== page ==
HOW TO FROST A REALLY SMOOTH CAKE with no crumbs

05.28.09

A pretty cake adds a bit of ceremony to an occasion, don’t you think? As far as birthdays and moments of congratulations go, I think flowers and cakes are the perfect thing for celebrating. I had a friend who used to make a pretty little cake for each friend on their birthday. So I thought I’d share with you a new little trick I learned in case you’d like to do the same: how to frost a smooth, level cake, with no crumbs in the frosting.

1-how-to-frost-a-cake

You’ll need:
—batter for one cake and pans of your choice (homemade cake is usually denser and holds up well under frosting, but cake mixes work too)
—parchment paper and a paper towel
—a pastry bag and tip, if possible, for laying the frosting on the cake (see the cake icer tip below)
—a recipe of buttercream frosting of a thinner consistency, about as thin and spreadable as butter at room temperature

2-parchment-line-cake

Cut a piece of parchment paper to fit the bottom of your pan. I do this by folding a piece in quarters and pressing it into the pan to get an idea of the size.

3-parchment-line-cake

Grease the pan, lay down the parchment paper, then grease and flour over the parchment. Make sure to pat out excess flour. This step is so helpful for getting your cake out at the end.

Add batter so your pan is 2/3 full.

4-how-to-frost-a-cakeWhile your cake is baking, I like to prepare 4-6 strips of parchment to place around my cake platter. That way, if I frost the platter a bit, it will come off when I pull out the parchment paper.

Bake your cake until a toothpick comes out clean, with no big crumbs sticking to it.

5-how-to-make-a-level-cake6-how-to-make-a-level-cakeOnce the cake is cooled, level it using a cake leveler or serrated knife. Whenever possible, I like to level the cake right in the pan, then take it out and let it finish cooling.

7-how-to-make-a-level-cakeFlip cake so the bottom side is up, and peel off parchment paper from the top of the cake.

8-how-to-frost-a-cakeI was recently introduced to the cake icer tip, which I use with a 16-inch pastry bag. It is fantastic for laying frosting on the cake. If you don’t have one, you can improvise by piping your buttercream frosting out of a ziplock bag and using a knife to keep it on. The trick is to lay frosting on the cake, not rub it over the cake, which will pull crumbs up into your frosting.

9-how-to-frost-a-cakeIf you use the cake icer tip, the jagged edge faces towards the cake, the smooth edge away from the cake.

10-how-to-frost-a-cakeUse a spatula or knife to level the frosting. It doesn’t have to be perfect, just mostly level. Again, try to press the frosting against the cake, not rub it up from the cake.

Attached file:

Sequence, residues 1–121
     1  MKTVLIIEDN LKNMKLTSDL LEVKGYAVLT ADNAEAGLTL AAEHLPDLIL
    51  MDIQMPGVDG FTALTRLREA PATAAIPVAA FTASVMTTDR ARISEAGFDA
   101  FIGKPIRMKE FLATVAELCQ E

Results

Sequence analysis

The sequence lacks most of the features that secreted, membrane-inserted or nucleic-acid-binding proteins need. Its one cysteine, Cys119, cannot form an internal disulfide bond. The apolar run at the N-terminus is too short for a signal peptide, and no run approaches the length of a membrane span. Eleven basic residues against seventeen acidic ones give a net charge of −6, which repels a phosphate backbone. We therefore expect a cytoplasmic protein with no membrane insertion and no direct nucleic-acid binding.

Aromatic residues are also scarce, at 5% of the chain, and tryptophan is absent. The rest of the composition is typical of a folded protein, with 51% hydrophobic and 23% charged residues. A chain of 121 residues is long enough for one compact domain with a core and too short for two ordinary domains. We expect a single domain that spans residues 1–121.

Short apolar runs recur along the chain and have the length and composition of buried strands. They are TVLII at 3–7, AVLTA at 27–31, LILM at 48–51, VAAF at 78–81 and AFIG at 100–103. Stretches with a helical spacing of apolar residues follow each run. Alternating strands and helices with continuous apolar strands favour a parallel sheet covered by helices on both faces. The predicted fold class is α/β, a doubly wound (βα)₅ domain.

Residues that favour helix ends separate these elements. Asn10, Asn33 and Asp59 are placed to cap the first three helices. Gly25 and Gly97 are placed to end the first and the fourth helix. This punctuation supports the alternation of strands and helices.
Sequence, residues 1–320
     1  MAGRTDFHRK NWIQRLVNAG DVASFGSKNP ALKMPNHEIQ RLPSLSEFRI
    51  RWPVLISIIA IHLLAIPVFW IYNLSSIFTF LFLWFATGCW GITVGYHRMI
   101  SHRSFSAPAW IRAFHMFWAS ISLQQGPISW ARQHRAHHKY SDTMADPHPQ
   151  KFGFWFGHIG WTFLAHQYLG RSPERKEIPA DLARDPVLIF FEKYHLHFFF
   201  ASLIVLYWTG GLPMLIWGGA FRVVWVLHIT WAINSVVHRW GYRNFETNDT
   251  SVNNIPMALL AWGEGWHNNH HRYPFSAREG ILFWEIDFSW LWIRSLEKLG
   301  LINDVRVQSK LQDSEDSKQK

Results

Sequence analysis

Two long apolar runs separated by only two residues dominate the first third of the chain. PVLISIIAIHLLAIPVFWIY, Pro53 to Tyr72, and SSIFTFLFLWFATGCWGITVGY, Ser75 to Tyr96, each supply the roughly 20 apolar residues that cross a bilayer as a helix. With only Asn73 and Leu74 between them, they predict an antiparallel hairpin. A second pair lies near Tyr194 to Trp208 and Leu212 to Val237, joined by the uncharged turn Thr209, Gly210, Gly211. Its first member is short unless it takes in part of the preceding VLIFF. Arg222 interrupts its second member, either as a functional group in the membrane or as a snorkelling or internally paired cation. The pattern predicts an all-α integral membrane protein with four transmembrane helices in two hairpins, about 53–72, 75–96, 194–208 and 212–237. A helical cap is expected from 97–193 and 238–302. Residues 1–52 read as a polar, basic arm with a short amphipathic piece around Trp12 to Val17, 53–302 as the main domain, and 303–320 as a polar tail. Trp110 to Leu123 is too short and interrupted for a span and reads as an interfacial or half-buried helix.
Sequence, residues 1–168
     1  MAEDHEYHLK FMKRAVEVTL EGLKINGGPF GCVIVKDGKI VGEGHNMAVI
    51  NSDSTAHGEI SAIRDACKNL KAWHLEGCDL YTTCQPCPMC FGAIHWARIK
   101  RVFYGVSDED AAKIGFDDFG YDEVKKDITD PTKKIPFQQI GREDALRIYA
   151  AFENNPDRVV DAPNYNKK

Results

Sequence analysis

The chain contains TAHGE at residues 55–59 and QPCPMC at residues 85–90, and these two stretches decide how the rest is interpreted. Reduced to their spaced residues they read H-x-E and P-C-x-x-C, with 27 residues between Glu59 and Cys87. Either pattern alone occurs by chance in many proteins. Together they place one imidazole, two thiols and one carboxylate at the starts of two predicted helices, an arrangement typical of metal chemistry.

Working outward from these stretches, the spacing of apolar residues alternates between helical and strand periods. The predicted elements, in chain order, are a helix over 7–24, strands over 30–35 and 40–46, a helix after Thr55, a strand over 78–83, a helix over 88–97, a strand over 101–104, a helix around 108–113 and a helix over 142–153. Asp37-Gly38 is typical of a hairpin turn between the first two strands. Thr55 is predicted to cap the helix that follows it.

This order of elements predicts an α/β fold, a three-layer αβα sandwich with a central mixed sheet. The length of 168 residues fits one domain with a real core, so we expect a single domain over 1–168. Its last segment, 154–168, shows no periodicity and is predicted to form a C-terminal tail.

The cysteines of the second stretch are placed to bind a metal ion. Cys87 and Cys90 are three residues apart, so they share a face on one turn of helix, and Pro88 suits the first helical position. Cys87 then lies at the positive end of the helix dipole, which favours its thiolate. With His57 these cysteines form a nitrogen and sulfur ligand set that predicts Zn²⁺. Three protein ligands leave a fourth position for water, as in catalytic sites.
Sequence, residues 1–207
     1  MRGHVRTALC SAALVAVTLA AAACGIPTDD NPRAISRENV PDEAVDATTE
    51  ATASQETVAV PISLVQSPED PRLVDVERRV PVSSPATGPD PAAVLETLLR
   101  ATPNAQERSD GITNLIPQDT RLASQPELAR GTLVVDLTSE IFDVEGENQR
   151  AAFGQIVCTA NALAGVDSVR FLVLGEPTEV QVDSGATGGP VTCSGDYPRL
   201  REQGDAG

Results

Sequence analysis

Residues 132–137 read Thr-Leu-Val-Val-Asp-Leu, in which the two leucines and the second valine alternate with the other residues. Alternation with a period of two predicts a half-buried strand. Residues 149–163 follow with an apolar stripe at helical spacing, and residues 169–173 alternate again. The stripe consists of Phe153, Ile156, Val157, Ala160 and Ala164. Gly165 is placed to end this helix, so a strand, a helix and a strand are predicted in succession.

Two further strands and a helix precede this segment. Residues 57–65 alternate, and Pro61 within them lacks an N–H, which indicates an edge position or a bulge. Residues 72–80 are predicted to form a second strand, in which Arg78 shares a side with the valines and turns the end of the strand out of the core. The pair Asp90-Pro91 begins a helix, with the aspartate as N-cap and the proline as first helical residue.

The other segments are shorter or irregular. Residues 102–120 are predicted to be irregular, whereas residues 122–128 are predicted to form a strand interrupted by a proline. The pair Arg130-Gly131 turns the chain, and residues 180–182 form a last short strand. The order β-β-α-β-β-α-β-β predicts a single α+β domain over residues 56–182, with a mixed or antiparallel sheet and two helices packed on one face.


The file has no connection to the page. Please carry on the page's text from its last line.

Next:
If you put strips of parchment under the cake, carefully pull them out.

Let the cake sit for 15 minutes to let the frosting dry a bit on the outside.

11-how-to-frost-a-cake

This is the last step, the fun part. Use a piece of parchment paper or a paper towel and lay it right on the cake. Use your finger to press lightly over the cake and smooth the icing, then peel the paper away. Do the same for the sides. You can pull it  up and press it back on several times to get the cake as smooth as you like it.

12-how-to-frost-a-cake

13-how-to-frost-a-cakeIf you use a papertowel with an embossed pattern, you can have the pattern transfer to your cake. If this is the effect you’re going for, make sure you use the embossed side of the paper towel against the cake. And for this effect, you get only one shot of laying down the paper and peeling it away; you can’t re-lay the paper once you’ve peeled it away.

15-how-to-frost-a-cake

oooh. so smooth and crubless!

16-how-to-frost-a-cakeNow add something fun and deliver!

gifts-from-the-kitchen-icon-long-bannerclick here for more Gifts from the Kitchen

{ 37 comments… read them below or add one }

Estelle May 28, 2009 at 8:56 am

Brilliant tutorial. I will be trying this technique soon. Thanks for sharing.

Reply

Shanti May 28, 2009 at 2:15 pm

Amber, it’s almost like you took a cake decorating class with all that knowledge! Love the tutorial. Very insightful, and of course the pics are wonderful. =)

Reply

AmberLee May 28, 2009 at 2:32 pm

ya…good thing I have friends who get me out of the house to actually try this stuff. so glad you checked….now that you have internet! yea. I was going to call and see what you thought of it.

Reply

Pumpkin Petunia May 29, 2009 at 5:55 am

The perfect tutorial! You don’t know how badly I needed to see this technique. Thank you!